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Charles The First’s Love Of The Fine Arts
by [?]

A Saxon king’s mace used in war, with a ball full of spikes, and the handle covered with gold plates, and enamelled, sold for L37 8s.

A gorget of massy gold, chased with the manner of a battle, weighing thirty-one ounces, at L3 10s. per ounce, was sent to the Mint.

A Roman shield of buff leather, covered with a plate of gold, finely chased with a Gorgon’s head, set round the rim with rubies, emeralds, turquoise stones, in number 137, L132 12s.

The pictures, taken from Whitehall, Windsor, Wimbledon, Greenwich, Hampton-Court, etc., exhibit, in number, an unparalleled collection. By what standard they were valued, it would perhaps be difficult to conjecture; from L50 to L100 seems to have been the limits of the appraiser’s taste and imagination. Some whose price is whimsically low may have been thus rated from a political feeling respecting the portrait of the person; there are, however, in this singular appraised catalogue two pictures, which were rated at, and sold for, the remarkable sums of one and of two thousand pounds. The one was a sleeping Venus by Correggio, and the other a Madonna by Raphael. There was also a picture by Julio Romano, called “The great piece of the Nativity,” at L500. “The little Madonna and Christ,” by Raphael, at L800. “The great Venus and Parde,” by Titian, at L600. These seem to have been the only pictures, in this immense collection, which reached a picture’s prices. The inventory-writer had, probably, been instructed by the public voice of their value; which, however, would, in the present day, be considered much under a fourth. Rubens’ “Woman taken in Adultery,” described as a large picture, sold for L20; and his “Peace and Plenty, with many figures big as the life,” for L100. Titian’s pictures seem generally valued at L100.[194] “Venus dressed by the Graces,” by Guido, reached to L200.

The Cartoons of Raphael, here called “The Acts of the Apostles,” notwithstanding their subject was so congenial to the popular feelings, and only appraised at L300, could find no purchaser![195]

The following full-lengths of celebrated personages were rated at these whimsical prices:

Queen Elizabeth in her parliament robes, valued L1.

The Queen-mother in mourning habit, valued L3.

Buchanan’s picture, valued L3 10s.

The King, when a youth in coats, valued L2.

The picture of the Queen when she was with child, sold for five shillings.

King Charles on horseback, by Sir Anthony Vandyke, was purchased by Sir Balthazar Gerbier, at the appraised price of L200.[196]

The greatest sums were produced by the tapestry and arras hangings, which were chiefly purchased for the service of the Protector. Their amount exceeds L30,000. I note a few.

At Hampton-Court, ten pieces of arras hangings of Abraham, containing 826 yards at L10 a yard, L8260.

Ten pieces of Julius Caesar, 717 ells at L7, L5019.[197]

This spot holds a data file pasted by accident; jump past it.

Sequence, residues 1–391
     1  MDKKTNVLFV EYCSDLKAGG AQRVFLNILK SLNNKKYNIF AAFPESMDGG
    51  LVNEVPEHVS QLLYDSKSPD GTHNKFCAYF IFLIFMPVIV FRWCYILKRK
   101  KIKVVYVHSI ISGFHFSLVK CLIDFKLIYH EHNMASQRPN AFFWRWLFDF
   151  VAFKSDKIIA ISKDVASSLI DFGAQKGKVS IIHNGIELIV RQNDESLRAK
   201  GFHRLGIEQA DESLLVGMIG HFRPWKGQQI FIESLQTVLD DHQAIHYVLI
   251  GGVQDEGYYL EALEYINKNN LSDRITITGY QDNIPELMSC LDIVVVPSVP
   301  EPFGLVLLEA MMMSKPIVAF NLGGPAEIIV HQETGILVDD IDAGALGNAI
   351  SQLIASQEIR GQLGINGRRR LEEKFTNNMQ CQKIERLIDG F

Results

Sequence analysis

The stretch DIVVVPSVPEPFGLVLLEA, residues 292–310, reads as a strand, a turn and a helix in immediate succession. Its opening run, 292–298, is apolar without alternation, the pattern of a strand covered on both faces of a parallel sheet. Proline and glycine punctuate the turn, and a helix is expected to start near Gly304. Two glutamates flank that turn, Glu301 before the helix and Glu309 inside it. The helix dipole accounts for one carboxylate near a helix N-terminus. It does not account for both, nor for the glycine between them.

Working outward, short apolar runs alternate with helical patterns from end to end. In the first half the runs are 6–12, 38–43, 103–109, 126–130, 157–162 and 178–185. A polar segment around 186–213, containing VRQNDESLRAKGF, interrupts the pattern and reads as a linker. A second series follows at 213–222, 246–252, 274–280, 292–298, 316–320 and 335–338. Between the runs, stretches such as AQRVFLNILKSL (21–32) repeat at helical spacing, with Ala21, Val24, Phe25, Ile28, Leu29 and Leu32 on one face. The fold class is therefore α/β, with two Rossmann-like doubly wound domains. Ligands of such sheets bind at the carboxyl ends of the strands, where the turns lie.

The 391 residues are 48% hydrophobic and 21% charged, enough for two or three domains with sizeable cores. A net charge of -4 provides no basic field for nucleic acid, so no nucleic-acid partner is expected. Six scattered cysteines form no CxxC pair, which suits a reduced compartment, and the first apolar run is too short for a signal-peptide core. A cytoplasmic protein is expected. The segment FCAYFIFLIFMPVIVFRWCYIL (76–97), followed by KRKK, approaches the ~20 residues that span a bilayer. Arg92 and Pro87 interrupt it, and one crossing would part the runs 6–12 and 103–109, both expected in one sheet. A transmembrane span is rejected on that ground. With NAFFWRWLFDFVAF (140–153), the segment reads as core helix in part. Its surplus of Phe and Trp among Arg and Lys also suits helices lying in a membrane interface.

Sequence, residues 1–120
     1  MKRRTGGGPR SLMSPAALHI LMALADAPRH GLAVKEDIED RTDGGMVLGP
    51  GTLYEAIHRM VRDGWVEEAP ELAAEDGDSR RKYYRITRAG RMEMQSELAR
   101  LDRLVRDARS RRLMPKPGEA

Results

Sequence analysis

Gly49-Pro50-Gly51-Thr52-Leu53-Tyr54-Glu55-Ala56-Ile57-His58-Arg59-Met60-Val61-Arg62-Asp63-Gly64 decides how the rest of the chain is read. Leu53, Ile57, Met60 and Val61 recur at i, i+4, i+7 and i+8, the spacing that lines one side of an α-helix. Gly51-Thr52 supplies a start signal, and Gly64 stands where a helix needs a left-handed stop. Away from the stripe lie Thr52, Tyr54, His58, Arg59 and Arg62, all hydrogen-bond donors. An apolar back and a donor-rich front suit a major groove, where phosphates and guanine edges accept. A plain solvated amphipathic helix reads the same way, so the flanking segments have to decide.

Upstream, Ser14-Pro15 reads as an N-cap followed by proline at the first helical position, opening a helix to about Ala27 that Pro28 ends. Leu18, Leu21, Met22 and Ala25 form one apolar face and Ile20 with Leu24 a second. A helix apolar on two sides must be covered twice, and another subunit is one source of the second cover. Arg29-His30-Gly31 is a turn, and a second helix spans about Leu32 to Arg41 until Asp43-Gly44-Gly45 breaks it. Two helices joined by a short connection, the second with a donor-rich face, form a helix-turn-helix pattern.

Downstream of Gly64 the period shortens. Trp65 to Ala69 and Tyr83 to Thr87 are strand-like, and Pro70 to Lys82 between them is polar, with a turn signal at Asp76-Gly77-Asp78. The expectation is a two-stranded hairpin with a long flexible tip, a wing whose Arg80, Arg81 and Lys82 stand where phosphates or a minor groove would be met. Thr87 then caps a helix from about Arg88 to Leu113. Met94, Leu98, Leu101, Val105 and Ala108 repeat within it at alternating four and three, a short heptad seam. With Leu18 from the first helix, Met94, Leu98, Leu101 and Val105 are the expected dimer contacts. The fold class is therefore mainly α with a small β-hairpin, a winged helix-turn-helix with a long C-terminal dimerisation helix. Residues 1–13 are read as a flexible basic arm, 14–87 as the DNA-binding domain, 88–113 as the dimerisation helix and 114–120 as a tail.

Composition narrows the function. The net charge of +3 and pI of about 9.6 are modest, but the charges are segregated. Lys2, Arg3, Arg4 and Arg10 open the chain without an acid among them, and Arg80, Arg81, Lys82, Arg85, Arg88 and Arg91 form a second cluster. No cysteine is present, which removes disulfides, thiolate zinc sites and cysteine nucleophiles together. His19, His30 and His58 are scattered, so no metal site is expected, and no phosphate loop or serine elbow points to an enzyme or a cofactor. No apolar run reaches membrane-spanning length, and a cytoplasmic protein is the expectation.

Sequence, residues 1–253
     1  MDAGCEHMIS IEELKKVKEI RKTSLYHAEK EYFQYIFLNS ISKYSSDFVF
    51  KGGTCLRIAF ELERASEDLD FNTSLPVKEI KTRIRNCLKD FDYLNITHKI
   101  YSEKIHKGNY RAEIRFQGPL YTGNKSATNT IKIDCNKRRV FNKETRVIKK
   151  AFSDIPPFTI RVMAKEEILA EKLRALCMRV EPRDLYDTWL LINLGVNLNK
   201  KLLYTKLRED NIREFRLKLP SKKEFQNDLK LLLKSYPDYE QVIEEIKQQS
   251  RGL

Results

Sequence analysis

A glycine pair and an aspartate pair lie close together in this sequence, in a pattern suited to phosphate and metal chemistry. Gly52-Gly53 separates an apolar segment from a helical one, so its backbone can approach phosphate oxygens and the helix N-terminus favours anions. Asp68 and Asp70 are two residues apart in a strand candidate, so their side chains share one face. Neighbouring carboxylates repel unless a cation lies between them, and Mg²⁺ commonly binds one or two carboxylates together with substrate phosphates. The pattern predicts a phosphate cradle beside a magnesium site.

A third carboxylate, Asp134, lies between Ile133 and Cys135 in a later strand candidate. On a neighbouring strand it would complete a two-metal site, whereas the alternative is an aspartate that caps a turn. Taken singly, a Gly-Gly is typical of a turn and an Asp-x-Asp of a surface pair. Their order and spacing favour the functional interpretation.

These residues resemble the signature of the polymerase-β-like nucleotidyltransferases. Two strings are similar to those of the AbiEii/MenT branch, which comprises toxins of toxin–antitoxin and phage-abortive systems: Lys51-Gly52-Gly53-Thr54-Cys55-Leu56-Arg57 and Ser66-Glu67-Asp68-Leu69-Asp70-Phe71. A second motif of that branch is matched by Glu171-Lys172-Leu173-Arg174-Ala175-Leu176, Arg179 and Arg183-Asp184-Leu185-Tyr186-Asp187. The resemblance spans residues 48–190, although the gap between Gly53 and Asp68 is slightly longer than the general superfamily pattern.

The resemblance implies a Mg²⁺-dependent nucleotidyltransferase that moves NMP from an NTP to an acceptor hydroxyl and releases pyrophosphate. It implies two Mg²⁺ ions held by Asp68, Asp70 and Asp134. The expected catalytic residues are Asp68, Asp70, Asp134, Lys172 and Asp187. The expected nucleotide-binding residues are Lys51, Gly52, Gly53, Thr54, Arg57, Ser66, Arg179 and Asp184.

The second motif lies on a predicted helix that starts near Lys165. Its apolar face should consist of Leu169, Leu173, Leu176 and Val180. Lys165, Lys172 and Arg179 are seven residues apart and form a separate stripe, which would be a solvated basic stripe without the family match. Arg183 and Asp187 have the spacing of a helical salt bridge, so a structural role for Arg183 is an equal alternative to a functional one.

One of the cloth of estates is thus described:

“One rich cloth of estate of purple velvet, embroidered with gold, having the arms of England within a garter, with all the furniture suitable thereunto. The state containing these stones following: two cameos or agates, twelve chrysolites, twelve ballases or garnets, one sapphire seated in chases of gold, one long pearl pendant, and many large and small pearls, valued at L500 sold for L602 10s. to Mr. Oliver, 4 February, 1649.”

Was plain Mr. Oliver, in 1649, who we see was one of the earlier purchasers, shortly after “the Lord Protector?” All the “cloth of estate” and “arras hangings” were afterwards purchased for the service of the Protector; and one may venture to conjecture, that when Mr. Oliver purchased this “rich cloth of estate,” it was not without a latent motive of its service to the new owner.[198]

There is one circumstance remarkable in the feeling of Charles the First for the fine arts: it was a passion without ostentation or egotism; for although this monarch was inclined himself to participate in the pleasures of a creating artist, the king having handled the pencil and composed a poem, yet he never suffered his private dispositions to prevail over his more majestic duties. We do not discover in history that Charles the First was a painter and a poet. Accident and secret history only reveal this softening feature in his grave and king-like character. Charles sought no glory from, but only indulged his love for, art and the artists. There are three manuscripts on his art, by Leonardo da Vinci, in the Ambrosian library, which bear an inscription that a King of England, in 1639, offered one thousand guineas of gold for each. Charles, too, suggested to the two great painters of his age the subjects he considered worthy of their pencils; and had for his “closet-companions” those native poets for which he was censured in “evil times,” and even by Milton!